DIELECTRIC WITHSTAND TEST OF MODULAR AND MANUFACTURED HOMES
The intent of this article is to give answers to questions (among other aspects) related to CIT (Crown Insulation Tester) AC testing, like:
-Which is the appropriate test voltage?
-What area of the circuit should we test?
-How can we test the whole manufactured home with all appliances still
connected without damaging them?
In June 2000 the Manufactured Housing and Standards Division of the U.S. Department of Housing and Urban Development issued a letter directed to all Primary Inspection Agencies and all State Administrative Agencies about dielectric strength tests for modular and manufactured homes as specified in standard #24 CRF 3280.810(a), as follows: “The wiring of each manufactured home is to be subjected to a dielectric strength test between live parts and the manufactured home ground and between neutral and manufactured home ground. The test is either to be performed between 900 to 1079 volts for one minute or between 1080 to 1250 volts for one second. The test is conducted on each manufactured home to stress the insulation to determine if it is capable of resisting transient power line surges to which the wiring may become subjected, identify any low resistance areas of the insulating material and any dielectric breakdown paths of failures that may exist.”
The test should not be performed from phase to phase, or between hot and neutral conductors, as this may ruin the appliances that are still connected. No particular word is given as to whether AC voltage or DC voltage should be used to perform the test. However, AC voltage ranges have always been acknowledged in the standards.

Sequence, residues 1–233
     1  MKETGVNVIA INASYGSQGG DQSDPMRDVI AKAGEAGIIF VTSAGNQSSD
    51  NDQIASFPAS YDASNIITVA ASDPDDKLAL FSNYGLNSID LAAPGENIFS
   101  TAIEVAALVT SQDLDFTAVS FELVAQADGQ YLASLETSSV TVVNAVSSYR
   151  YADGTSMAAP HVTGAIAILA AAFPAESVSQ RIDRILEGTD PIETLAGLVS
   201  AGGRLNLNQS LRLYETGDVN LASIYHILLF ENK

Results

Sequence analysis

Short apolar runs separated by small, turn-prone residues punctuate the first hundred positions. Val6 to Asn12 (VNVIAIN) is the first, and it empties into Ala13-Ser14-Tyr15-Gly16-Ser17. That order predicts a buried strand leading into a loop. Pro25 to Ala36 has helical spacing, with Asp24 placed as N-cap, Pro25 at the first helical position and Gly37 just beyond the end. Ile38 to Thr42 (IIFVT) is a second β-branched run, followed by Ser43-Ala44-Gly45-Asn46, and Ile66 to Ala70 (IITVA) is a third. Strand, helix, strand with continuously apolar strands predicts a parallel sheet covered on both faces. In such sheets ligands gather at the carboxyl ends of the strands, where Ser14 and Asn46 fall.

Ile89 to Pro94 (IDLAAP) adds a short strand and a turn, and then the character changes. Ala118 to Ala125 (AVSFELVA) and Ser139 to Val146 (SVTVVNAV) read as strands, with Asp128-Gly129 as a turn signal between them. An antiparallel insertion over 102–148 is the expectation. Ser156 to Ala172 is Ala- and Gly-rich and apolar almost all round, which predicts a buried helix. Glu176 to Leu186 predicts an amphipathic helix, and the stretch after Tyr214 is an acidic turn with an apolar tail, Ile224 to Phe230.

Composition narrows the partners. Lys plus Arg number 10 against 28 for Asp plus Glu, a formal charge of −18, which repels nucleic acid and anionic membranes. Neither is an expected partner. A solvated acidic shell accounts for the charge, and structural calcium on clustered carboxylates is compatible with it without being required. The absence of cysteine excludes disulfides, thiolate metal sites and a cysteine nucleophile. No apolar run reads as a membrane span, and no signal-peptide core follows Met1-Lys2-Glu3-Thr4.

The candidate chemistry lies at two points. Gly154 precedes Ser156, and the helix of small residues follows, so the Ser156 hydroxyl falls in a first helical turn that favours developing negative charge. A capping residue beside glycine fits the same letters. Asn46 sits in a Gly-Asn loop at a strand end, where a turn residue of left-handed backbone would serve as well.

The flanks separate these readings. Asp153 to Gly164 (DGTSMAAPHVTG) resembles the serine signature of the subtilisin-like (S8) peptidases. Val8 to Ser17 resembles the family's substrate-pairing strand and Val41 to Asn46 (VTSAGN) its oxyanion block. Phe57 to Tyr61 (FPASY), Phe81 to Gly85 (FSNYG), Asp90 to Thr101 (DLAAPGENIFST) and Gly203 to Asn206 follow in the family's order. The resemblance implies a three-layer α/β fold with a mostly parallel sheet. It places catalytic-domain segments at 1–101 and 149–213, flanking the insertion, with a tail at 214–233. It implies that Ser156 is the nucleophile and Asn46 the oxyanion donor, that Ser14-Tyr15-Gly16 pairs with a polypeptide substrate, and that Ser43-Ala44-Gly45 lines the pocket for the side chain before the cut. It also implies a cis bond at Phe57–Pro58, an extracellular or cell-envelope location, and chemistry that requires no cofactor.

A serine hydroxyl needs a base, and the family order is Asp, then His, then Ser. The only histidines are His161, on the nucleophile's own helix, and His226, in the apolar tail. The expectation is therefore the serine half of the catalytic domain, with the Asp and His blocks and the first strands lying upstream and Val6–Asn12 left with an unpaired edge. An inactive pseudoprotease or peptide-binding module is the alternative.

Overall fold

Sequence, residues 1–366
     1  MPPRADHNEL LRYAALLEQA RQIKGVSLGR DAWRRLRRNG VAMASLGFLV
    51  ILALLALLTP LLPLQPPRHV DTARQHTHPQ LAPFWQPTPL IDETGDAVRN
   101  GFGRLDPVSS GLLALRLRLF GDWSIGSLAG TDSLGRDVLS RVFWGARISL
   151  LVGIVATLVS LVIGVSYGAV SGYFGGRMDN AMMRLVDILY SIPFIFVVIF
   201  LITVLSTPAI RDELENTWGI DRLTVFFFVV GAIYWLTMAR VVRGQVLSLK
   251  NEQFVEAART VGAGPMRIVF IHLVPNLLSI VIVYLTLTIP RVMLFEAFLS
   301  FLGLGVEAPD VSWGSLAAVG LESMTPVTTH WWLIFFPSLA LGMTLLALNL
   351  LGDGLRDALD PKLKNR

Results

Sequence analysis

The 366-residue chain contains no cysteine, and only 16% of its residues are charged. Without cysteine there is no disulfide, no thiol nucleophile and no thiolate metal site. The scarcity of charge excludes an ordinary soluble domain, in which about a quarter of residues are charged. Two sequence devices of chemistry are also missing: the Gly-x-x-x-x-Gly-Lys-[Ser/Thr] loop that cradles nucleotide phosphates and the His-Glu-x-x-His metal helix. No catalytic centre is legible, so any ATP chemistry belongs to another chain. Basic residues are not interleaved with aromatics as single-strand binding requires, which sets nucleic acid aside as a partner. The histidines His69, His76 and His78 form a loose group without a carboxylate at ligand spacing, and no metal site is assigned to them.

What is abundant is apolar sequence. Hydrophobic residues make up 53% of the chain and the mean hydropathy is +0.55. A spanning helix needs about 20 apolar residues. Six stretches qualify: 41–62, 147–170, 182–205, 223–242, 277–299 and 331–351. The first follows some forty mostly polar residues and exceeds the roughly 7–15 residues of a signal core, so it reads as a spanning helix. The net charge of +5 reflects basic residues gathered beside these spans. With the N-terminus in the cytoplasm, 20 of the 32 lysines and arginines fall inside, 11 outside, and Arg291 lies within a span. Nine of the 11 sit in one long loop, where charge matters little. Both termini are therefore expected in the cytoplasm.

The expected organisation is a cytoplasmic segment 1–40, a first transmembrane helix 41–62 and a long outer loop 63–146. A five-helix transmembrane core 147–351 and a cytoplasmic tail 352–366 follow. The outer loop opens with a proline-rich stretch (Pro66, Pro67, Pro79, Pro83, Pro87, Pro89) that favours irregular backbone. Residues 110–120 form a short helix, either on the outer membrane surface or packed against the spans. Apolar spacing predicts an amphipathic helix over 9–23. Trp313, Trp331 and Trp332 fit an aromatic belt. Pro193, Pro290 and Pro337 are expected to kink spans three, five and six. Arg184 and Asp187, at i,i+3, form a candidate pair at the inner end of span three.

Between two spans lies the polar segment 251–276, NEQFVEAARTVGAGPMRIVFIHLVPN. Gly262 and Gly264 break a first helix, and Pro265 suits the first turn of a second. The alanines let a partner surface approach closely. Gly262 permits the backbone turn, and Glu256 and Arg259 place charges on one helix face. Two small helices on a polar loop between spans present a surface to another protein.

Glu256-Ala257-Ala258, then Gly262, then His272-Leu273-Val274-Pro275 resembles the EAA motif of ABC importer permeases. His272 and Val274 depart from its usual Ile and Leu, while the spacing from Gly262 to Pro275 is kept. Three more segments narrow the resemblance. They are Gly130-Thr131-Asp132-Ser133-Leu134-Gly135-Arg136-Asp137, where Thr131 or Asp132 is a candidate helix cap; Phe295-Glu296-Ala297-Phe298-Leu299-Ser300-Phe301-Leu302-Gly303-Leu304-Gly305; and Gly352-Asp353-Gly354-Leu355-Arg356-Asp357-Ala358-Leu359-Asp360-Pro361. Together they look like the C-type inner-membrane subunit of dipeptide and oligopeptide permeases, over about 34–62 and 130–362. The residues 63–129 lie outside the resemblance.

Potential damage to appliances is of vital concern within the manufactured home during the CIT test. Be aware that those appliances within the home have already been tested to meet all product safety characteristics. When correctly conducted, the test stresses the insulation of the electric conductors and the appliance’s dead metal or ground. This can be attained by placing the appliance’s power switch in the ON position, while the CIT’s return connects to the appliance’s dead metal. We would then apply high voltage simultaneously to the hot and neutral conductors. This way the test would provide the same voltage to both sides of all components in the circuit. This technique should be observed when testing the whole manufactured home. We must apply high voltage to both phases (all ungrounded conductors) and to neutral, which must be isolated from ground, and the return should be connected to ground. All switches and C/B’s must be in the ON position (Figure 1). When connecting the CIT to the manufactured home this way, testing the whole home with all appliances still connected is feasible and practicable.
In the 60’s, both UL and ANSI performed tests to determine the human body’s response to different levels of electric current using a 120volt/60Hz source. It was then found that perception level is 0.5mA, which usually causes a surprise reaction. Between 5 and 10mA, there occurs paralysis of arms and legs, including inability to release from the source. From 20 to 40mA, painful muscle contraction appears with further respiratory difficulties, which could lead to choking. From 40 to 70mA for a second or more, ventricular fibrillation is observed. While currents greater than 70mA produced severe burns and potential heart arrest.
We welcome any suggestions and/or questions regarding these recommended safety guidelines.
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